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Felicity Bradstock

Felicity Bradstock

Felicity Bradstock is a freelance writer specialising in Energy and Finance. She has a Master’s in International Development from the University of Birmingham, UK.

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Can Big Oil Do More To Prevent Oil Spills?

  • Pipeline ruptures and oil spills continue to be a threat for an increasingly scrutinized oil industry
  • Governments must strengthen their regulatory frameworks and give regulators the power to enforce strict standards on all energy companies to prevent spills.
  • Oil and gas firms should be obligated to put new leak detection technologies in place, and ensure they are up to date in line with technological innovations.

Oil spills are very much a thing of the present and if Big Oil wants to stay successful in the green transition it will have to clean up its act. With several reports of oil spills in different areas of the world in recent years, it seems that even under mounting international pressure to respond to climate change, oil and natural gas companies are failing to implement the necessary standards to prevent these events. So, just what can energy companies do to prevent oil spills and the devastating effects that follow?  Last year, in North America, Canada's TC Energy Corp was forced to shut its Keystone pipeline in the U.S. after more than 14,000 barrels of oil spilled into a creek in Kansas. This marked the biggest spill of crude in the U.S. in almost a decade. The 662,000-bpd pipeline delivers heavy crude from Alberta in Canada to U.S. refiners in the Midwest and Gulf Coast. But this was not the first spill seen from Keystone, with other major examples in 2011, 2016, 2017, and twice in 2019. Around 12,000 barrels of oil are thought to have been spilt from Keystone since it became operational in 2010.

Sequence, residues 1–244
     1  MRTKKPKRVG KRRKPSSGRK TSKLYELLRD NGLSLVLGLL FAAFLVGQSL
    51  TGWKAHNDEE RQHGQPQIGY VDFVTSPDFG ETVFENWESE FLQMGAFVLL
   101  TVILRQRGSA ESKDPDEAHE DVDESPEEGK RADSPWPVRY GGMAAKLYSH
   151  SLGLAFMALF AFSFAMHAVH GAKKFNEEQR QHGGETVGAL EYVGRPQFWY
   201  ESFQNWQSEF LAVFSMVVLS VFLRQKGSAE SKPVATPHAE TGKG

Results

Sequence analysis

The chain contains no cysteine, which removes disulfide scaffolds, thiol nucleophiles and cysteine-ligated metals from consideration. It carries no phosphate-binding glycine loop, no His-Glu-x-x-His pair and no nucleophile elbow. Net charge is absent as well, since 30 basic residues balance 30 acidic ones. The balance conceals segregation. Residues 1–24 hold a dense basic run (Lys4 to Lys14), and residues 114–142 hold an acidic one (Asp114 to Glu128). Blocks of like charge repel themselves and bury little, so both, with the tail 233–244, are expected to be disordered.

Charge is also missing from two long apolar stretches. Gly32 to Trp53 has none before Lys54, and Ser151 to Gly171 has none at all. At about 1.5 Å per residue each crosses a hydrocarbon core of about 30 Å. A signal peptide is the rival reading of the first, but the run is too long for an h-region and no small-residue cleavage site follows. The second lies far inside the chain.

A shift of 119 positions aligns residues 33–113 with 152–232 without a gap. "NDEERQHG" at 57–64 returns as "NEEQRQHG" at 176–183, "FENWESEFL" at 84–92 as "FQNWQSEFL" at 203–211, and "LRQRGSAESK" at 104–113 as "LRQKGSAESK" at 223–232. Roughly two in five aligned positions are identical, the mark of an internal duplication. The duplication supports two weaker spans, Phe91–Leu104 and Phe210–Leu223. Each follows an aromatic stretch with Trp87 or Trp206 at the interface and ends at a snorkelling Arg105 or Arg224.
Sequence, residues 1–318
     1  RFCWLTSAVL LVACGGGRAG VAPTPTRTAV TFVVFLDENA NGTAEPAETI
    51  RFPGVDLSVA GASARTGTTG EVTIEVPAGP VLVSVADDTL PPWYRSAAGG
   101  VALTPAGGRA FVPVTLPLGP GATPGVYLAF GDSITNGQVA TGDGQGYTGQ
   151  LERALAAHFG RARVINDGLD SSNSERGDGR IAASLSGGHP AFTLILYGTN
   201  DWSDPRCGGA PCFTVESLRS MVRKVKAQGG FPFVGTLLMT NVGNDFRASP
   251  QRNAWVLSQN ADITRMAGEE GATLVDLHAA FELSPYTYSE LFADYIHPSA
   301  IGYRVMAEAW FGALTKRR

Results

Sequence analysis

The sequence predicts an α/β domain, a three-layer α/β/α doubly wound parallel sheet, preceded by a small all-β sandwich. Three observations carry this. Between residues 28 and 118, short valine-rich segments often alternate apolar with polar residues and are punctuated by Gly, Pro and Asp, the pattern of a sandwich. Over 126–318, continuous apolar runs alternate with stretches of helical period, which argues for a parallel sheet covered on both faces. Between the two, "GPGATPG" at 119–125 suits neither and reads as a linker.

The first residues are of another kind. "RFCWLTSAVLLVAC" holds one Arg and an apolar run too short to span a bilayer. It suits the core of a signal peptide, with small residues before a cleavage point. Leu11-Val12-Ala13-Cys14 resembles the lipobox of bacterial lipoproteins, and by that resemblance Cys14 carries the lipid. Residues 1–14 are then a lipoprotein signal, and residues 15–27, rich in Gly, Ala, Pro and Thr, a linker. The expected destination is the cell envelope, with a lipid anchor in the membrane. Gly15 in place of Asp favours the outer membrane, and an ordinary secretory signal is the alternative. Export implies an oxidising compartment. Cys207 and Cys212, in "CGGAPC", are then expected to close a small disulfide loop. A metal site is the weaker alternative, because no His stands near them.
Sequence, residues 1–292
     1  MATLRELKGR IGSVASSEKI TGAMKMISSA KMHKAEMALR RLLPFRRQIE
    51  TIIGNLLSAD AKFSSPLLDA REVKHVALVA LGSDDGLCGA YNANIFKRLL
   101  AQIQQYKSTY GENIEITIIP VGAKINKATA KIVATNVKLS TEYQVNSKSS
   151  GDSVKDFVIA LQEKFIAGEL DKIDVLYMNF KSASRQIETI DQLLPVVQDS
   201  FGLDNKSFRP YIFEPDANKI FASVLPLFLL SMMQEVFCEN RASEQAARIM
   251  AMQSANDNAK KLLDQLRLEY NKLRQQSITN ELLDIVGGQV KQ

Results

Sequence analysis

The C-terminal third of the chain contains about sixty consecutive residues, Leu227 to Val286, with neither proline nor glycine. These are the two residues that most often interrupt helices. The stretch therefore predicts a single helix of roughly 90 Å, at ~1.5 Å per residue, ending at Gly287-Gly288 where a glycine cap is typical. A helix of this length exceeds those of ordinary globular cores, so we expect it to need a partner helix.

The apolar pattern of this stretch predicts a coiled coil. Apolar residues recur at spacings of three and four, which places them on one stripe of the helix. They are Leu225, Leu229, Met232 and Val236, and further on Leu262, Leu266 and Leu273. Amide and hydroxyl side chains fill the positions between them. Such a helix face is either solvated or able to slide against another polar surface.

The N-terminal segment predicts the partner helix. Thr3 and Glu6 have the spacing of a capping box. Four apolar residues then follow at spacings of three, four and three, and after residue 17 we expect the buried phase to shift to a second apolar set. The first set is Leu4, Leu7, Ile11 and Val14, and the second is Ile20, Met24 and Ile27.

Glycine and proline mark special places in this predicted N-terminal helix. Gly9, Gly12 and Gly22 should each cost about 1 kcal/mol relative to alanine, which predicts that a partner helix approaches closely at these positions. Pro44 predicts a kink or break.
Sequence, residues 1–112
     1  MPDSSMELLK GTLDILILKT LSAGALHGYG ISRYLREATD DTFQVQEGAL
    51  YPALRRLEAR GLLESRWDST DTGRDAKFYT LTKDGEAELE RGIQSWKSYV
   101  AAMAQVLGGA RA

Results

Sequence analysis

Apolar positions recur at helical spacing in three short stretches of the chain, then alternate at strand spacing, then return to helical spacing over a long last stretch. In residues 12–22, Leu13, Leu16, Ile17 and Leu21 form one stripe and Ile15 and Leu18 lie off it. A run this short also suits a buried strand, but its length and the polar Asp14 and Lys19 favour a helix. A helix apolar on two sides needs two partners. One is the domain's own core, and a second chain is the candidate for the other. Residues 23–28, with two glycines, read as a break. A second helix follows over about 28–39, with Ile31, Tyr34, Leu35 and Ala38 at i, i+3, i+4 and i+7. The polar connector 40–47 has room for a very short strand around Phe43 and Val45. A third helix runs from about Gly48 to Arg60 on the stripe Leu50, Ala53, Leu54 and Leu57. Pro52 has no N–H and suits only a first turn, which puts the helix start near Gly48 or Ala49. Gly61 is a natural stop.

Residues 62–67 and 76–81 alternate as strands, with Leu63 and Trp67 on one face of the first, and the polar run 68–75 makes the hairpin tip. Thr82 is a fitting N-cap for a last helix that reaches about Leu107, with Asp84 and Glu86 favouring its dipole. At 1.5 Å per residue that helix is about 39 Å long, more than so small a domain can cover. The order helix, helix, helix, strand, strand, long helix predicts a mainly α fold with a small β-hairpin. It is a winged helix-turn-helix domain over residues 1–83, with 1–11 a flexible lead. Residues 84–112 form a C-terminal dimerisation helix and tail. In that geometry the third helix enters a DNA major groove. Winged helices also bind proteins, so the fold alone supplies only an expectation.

The spill was a result of a ruptured stretch of the pipeline. And to make matters worse, TC Energy has been accused of allowing the pressure inside parts of its Keystone system — including the stretch through Kansas — to exceed the typical maximum permitted levels in the past, which has long concerned environmentalists. However, the company stated, “At the time of the incident, the pipeline was operating within its design and regulatory approval requirements.”

Elsewhere, in the Philippines, just last month a tanker carrying 800,000 litres of industrial fuel oil sank off the coast of the Oriental Mindoro province. The oil from the MT Princess Empress has since reached the shore of fishing villages in the region and caused many people to fall sick. 

The Philippines authorities have declared a state of calamity for the areas affected, as well as a fishing ban while the spill is being cleaned. The fishing ban is already having a major effect on the locals, with over 18,000 fishermen across 60 villages relying on fishing for their livelihoods. It could also harm tourism in the region. Further, the environmental risks could be huge, with the spill threatening 36,000 hectares of coral reef, mangroves, and seagrass. Related: WTI Crude Gains As Banking Fears Ease, Kurdish Oil Exports Remain Suspended